by Kelly Clarke

So, you want to race your bike? That’s great! There are a bunch of us who race and we LOVE to talk about it, so ask us all of your questions. We were all in your place not too long ago. I’m only a few years into racing and don’t know everything, but here’s some information about how races are run to get you started.


There are different governing bodies that ‘sanction’ bike races. Bike races need insurance, officials, rules to make them safe – and these all come from the sanctioning body. There are two of those in Illinois and in the Chicagoland area: USAC and ABR.

USA Cycling is the most common governing body in Illinois, and in the nation. They drive the rules about racing categories and upgrades.

American Bicycle Racing is another governing body that actively puts on races in Illinois. They are more of a grass roots organization. They are a member of the FIAC (Federation of Independent Associations for Cycling).

Sometimes racers focus on USAC, but both organizations support great races.

And just to be clear, the sanctioning organization is not the same thing as the race promoter. The race promoter is actually putting on the race, finding funding for it, gathering volunteers, getting permits to host the race, ect. And if you think your entry fee is expensive, trust me, it’s REALLY expensive to put on a race. But where else do you get to ride that fast on a closed course with great competition?


USAC and ABR races require different licenses. These licenses are used for insurance purposes, and to help pay for the upkeep of these organizations. It’s not a bad thing. Remember, we want well run, safe races!

USAC licenses are $70. They used to separate Mountain and Road licenses, but for the first time – this year, all disciplines are combined. They do offer one-day licenses. So if you’re not sure you want to race a lot, you can buy a one-day for $15.

An ABR license is $25 for one year. I am pretty sure they do not do one-day licenses. But they do put on some pretty great practice crits!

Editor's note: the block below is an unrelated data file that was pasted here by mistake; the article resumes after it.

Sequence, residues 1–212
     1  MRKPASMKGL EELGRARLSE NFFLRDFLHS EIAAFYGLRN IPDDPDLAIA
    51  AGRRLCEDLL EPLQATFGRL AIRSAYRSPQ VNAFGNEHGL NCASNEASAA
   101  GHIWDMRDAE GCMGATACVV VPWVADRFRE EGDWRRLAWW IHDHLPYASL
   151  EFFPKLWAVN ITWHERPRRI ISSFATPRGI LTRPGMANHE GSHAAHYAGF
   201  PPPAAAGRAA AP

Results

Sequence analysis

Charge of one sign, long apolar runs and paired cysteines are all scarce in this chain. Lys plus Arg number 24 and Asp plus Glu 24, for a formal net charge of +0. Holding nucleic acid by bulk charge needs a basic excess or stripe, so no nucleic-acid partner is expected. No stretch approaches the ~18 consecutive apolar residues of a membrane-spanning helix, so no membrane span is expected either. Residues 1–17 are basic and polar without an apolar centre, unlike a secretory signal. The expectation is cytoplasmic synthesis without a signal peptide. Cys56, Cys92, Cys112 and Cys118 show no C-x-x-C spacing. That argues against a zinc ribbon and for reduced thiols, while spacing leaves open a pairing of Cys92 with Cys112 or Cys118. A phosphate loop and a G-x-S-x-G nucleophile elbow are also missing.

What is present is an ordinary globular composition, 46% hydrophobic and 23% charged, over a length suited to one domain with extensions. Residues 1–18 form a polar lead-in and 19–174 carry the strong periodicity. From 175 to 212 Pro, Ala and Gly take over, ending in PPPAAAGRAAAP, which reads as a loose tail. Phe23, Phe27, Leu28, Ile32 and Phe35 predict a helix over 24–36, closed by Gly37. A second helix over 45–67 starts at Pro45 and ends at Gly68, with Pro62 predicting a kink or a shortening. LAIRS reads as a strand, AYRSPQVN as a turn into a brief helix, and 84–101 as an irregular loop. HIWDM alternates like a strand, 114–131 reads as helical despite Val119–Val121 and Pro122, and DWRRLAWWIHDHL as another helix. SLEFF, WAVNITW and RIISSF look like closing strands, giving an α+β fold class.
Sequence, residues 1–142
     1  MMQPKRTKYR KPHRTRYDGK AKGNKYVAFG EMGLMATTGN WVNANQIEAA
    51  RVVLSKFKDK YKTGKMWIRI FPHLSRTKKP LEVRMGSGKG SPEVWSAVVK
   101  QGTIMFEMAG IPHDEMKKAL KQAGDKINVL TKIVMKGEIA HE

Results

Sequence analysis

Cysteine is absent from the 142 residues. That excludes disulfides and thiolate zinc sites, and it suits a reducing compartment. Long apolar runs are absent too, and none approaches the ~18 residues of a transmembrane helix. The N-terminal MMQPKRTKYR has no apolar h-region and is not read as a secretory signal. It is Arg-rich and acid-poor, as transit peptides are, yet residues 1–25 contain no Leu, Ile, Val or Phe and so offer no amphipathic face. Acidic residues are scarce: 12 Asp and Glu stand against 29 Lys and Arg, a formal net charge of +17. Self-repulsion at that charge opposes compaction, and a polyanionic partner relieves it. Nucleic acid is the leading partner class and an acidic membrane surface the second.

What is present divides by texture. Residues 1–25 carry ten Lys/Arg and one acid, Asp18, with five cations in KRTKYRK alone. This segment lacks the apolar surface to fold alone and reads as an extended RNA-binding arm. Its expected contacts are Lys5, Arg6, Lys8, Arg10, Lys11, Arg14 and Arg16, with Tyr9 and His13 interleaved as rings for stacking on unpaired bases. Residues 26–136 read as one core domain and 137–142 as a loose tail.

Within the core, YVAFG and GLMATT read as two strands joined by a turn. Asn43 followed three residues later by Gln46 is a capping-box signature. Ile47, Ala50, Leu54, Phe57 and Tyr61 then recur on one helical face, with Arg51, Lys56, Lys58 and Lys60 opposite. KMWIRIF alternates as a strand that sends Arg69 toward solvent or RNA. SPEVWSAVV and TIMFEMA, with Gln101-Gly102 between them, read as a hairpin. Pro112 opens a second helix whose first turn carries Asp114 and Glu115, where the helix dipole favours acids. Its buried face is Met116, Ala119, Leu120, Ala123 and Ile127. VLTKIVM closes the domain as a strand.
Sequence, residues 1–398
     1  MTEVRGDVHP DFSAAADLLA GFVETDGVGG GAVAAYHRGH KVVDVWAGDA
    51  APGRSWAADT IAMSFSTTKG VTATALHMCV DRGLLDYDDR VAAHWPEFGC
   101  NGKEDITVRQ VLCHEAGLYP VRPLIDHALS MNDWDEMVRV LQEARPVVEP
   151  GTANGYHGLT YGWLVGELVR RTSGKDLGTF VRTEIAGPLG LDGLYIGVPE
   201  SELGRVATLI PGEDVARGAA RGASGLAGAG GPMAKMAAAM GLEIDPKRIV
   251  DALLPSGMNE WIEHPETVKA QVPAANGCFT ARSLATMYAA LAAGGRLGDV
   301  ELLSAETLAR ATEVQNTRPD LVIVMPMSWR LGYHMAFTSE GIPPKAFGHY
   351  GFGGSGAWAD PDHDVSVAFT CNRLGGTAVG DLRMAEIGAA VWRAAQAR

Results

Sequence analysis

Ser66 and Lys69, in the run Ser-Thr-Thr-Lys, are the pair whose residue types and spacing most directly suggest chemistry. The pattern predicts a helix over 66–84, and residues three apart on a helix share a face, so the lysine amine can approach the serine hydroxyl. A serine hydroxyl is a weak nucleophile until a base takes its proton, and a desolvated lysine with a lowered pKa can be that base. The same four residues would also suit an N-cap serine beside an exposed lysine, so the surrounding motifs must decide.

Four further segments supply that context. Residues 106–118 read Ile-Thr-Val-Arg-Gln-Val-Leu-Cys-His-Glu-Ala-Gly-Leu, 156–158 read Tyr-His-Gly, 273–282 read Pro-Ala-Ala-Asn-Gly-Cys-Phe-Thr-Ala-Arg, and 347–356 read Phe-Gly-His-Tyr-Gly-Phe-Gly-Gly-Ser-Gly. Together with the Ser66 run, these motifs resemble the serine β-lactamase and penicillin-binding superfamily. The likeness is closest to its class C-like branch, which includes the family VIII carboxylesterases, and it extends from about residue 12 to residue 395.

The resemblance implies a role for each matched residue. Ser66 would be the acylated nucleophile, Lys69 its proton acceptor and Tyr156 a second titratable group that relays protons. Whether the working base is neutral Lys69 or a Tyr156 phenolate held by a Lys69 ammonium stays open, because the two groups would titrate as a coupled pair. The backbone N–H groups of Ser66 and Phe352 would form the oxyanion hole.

When applying for a license, make sure you put your team name on there, and that it’s spelled correctly!


Racing categories are levels for racing. Levels, or ‘cats’, ensure you’re racing against people of a similar ability. 1 or PRO is the highest you can achieve. In road,track and cyclocross, men start as a Cat 5, and women start as a Cat 4. But you upgrade in each discipline separately. For example, right now I am a Cat 4 on the road, but a Cat 3 in cyclocross.

You earn points to upgrade to a higher cat (closer to 1) by being successful in races. You don’t necessarily have to win a race, but it does help. The rules are outlined here:

One thing for the men to remember: to go from Cat 5 to 4 only requires 10 mass starts. You don’t need results. Usually we like to encourage a fast upgrade to 4, because Cat 5 racers are all inexperienced, and Cat 4 races usually offer a better race experience. Since women’s fields are typically smaller, this is less of an issue.

You might be tempted to stay in a lower cat longer than you need to. This is generally looked down upon, because you’re not making yourself a better racer, and you’re taking away the opportunity for other racers to earn upgrade points. People that stay in lower cats so they can try to win more races are known as sandbaggers. You don’t want your teammates calling you that!


Most of the time, you can show up to a race – day of – and register to race. But that’s not ideal for several reasons. It makes the registration lines slower, and takes longer for you to get your number. Throwing a race is stressful, and it’s good for promoters to be able to see people registered ahead of time. They might even up the prize money if the numbers look good prior to a race. So it’s good practice to register ahead of time. It’s also almost always cheaper to preregister. Most registrations are on, but some use Make sure you register for your correct category. And make sure you put your team name in the ‘Team Name’ field, spelling it correctly. I have worked registration at races where people get upset that their team name or information is incorrect, but the people at registration can’t change it – it’s up to you to have the correct information for both your racing license and on the form when you register to race.


The Illinois Cycling Association ( administers bicycle racing for USA Cycling in Illinois. Most areas that have races sanctioned by USAC have a local association. They help administer upgrades and a portion of the money from the licenses we buy goes to them. They allocate this money to help make our racing scene better. They help fund racing clinics, provide the state championship jerseys, and do things to make Illinois bike racing more accessible to more people in an unbiased manner.


There’s a lot to learn when you first start racing. We’ve all been there. Don’t be afraid to ask questions, and most importantly, don’t forget to have fun.